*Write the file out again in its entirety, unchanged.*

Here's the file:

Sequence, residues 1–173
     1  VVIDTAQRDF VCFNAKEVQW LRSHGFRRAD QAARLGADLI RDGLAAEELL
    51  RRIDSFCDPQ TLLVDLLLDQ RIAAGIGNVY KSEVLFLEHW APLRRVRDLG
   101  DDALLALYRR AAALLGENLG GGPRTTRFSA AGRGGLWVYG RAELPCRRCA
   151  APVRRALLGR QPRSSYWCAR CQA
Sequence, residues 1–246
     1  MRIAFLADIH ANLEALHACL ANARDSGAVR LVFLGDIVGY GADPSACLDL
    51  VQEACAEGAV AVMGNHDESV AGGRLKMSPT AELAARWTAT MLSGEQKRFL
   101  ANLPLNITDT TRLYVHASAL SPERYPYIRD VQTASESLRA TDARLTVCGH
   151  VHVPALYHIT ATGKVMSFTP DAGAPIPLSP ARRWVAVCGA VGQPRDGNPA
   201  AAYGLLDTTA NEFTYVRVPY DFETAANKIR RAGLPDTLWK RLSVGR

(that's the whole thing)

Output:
Sequence, residues 1–173
     1  VVIDTAQRDF VCFNAKEVQW LRSHGFRRAD QAARLGADLI RDGLAAEELL
    51  RRIDSFCDPQ TLLVDLLLDQ RIAAGIGNVY KSEVLFLEHW APLRRVRDLG
   101  DDALLALYRR AAALLGENLG GGPRTTRFSA AGRGGLWVYG RAELPCRRCA
   151  APVRRALLGR QPRSSYWCAR CQA
Sequence, residues 1–246
     1  MRIAFLADIH ANLEALHACL ANARDSGAVR LVFLGDIVGY GADPSACLDL
    51  VQEACAEGAV AVMGNHDESV AGGRLKMSPT AELAARWTAT MLSGEQKRFL
   101  ANLPLNITDT TRLYVHASAL SPERYPYIRD VQTASESLRA TDARLTVCGH
   151  VHVPALYHIT ATGKVMSFTP DAGAPIPLSP ARRWVAVCGA VGQPRDGNPA
   201  AAYGLLDTTA NEFTYVRVPY DFETAANKIR RAGLPDTLWK RLSVGR